Bonham owned an insurance business in Edgefield and in Atlanta, Georgia, from 1865 to 1878. Returning to politics, Bonham was again a member of the South Carolina House of Representatives from 1865–1866 and a delegate to the Democratic National Convention in 1868. He was a member of the South Carolina taxpayers’ convention in 1871 and 1874. Retiring from public service, he resumed the practice of law in Edgefield and engaged in planting. He was appointed state railroad commissioner in 1878 and served until his death at White Sulphur Springs, West Virginia. He was buried in Elmwood Cemetery in Columbia
Offered is a nice bust up view of General Fitzhugh Lee in his Confederate uniform. The backmark is E.&H.T. Anthony, New York.
The nephew of General Robert E. Lee, Fitzhugh Lee was born in Fairfax County, Virginia on November 19, 1835. He was the son of Sydney Smith Lee, who would later become a captain in the Confederate States Navy. Although close to his famous uncle, Lee is remembered as one of the South's finest cavalry commanders. Lee attended the U. S. Military Academy at West Point, graduating in 1856. After graduation, Lee fought as a cavalry officer in the Indian wars where he was severely injured. Following his recovery, he taught cavalry tactics at West Point and in 1861, when the Civil War began, he resigned his commission as 1st lieutenant in the U.S. Army.
He entered the Confederate Army as a lieutenant in the cavalry and served as a staff officer under General Richard S. Ewell. Within a short time he transferred to command of of the 1st Virginia Cavalry under Major General J.E.B. B. Stuart. At the age of twenty-seven, he was promoted to brigadier general on July 24, 1862. As a cavalry brigade commander, Lee performed well in the Maryland Campaign, covering the Confederate infantry's withdrawal from South Mountain, delaying the Union Army advance to Sharpsburg, Maryland, before the Battle of Antietam, and covering the army's recrossing of the Potomac River into Virginia. He conducted the cavalry action of Kelly's Ford (March 17, 1863) with skill and success, where his 400 troopers captured 150 men and horses with a loss of only 14 men. In the Battle of Chancellorsville in May 1863, Lee's reconnaissance found that the Union Army's right flank was "in the air", which allowed the successful flanking attack by Maj. Gen. Thomas J. "Stonewall" Jackson. During the Battle of Gettysburg, his brigade fought unsuccessfully in the action at East Cavalry Field. J. E. B. Stuart's report singled out no officer in his command for praise except Fitz Lee, who he said was "one of the finest cavalry leaders on the continent, and richly [entitled] to promotion."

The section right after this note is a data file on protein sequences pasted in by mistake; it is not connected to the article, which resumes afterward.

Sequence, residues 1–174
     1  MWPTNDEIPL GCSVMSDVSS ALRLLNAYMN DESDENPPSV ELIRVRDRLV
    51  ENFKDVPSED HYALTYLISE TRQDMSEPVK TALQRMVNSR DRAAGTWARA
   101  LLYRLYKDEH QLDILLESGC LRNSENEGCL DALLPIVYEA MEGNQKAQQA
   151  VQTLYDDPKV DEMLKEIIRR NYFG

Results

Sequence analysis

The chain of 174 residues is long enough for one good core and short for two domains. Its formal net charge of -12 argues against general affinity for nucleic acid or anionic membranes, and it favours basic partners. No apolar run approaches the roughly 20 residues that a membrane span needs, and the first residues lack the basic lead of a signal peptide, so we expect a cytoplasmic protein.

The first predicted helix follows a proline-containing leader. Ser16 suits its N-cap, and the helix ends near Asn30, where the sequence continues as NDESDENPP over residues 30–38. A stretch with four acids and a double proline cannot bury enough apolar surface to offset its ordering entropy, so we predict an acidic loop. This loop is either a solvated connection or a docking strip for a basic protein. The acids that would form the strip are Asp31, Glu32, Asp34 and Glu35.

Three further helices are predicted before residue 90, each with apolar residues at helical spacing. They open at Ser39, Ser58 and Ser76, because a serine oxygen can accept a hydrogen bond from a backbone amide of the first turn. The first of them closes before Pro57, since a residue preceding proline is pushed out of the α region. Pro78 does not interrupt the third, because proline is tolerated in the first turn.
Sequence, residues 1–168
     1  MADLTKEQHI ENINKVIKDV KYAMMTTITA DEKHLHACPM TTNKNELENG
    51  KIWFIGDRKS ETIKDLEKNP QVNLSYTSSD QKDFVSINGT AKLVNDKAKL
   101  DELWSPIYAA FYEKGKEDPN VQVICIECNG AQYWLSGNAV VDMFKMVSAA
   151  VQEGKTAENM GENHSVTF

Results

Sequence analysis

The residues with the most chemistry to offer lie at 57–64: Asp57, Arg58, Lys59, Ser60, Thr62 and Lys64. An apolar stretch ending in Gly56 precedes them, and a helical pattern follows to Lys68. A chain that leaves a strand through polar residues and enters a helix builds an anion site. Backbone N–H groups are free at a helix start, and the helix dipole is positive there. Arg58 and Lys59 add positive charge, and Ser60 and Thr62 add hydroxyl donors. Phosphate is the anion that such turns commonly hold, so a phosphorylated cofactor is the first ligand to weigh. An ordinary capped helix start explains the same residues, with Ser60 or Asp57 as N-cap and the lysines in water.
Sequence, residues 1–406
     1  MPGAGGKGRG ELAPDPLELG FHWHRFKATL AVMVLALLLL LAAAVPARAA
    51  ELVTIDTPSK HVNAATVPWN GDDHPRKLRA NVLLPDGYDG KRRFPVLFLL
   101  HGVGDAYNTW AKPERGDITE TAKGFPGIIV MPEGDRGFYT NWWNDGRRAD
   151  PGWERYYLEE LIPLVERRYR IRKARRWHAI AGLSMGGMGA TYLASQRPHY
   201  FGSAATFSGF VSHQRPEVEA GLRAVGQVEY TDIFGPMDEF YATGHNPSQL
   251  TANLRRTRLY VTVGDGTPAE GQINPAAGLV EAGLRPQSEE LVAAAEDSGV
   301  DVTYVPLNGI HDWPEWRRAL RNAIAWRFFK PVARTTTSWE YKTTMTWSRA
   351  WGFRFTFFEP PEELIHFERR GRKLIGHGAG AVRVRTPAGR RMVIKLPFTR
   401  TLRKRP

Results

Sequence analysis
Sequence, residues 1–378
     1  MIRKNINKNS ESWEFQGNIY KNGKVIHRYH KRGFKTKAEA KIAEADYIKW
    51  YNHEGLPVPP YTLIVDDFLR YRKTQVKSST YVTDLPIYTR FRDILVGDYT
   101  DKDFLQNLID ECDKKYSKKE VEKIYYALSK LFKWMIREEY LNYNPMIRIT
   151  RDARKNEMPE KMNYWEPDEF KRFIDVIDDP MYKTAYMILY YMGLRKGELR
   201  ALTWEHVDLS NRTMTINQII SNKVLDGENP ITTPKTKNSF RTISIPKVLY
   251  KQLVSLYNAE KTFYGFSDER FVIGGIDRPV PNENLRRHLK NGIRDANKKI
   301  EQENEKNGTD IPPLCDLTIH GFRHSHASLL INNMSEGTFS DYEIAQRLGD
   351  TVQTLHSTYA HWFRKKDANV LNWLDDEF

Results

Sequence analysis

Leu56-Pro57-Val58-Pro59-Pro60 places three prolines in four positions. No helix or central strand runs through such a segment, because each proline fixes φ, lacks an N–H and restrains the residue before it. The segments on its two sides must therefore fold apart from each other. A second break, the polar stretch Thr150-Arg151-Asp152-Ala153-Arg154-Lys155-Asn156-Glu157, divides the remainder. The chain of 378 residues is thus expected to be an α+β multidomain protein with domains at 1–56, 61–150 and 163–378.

Following Gettysburg he fought under General Jubal Early in the Shenandoah Valley and was severely wounded during the Third Battle of Winchester. As the war neared an end and following the death of J. E. B. Stuart, he became General Robert E. Lee's Cavalry Corps commander.
After the war he spent many years as a farmer before entering politics, serving as the governor of Virginia from 1885 to 1889. Following this he served as consul general in Havana, Cuba from 1896 to 1898. When the Spanish-American War was imminent, he joined the U.S. Volunteer Army, entering as a major general in command of the VII Corps. He retired from the military in 1901.
He spent his postwar years in politics and farming. Fitzhugh Lee died in Washington, DC on April 28, 1905.
General Roger Hansom CDV KIA Stones River, Tennessee
Item #: 14449
Click image to enlarge
Offered is a great image of General Roger Hanson. The three quarters image shows Hanson in his Confederate colonels uniform. Written under the image is "Roger Hanson". The back mark on the cdv is E.&H.T. Anthony, New York. It is covered up by a 2 cent light blue Washington stamp.
Hanson was born 27 August 1827 in Clark County, Kentucky. He fought during the Mexican war as a member of a Kentucky volunteer regiment. Returning to Kentucky he studied the law and began a practice. He was wounded in the leg while fighting a duel. The injury earned him the nickname "Bench Leg". He tried his hand at politics running unsuccessfully for a seat in the US Congress from Kentucky's 8th district in 1857. During the secession crisis he took a conservative stance, backing John Bell in the 1860 presidential election.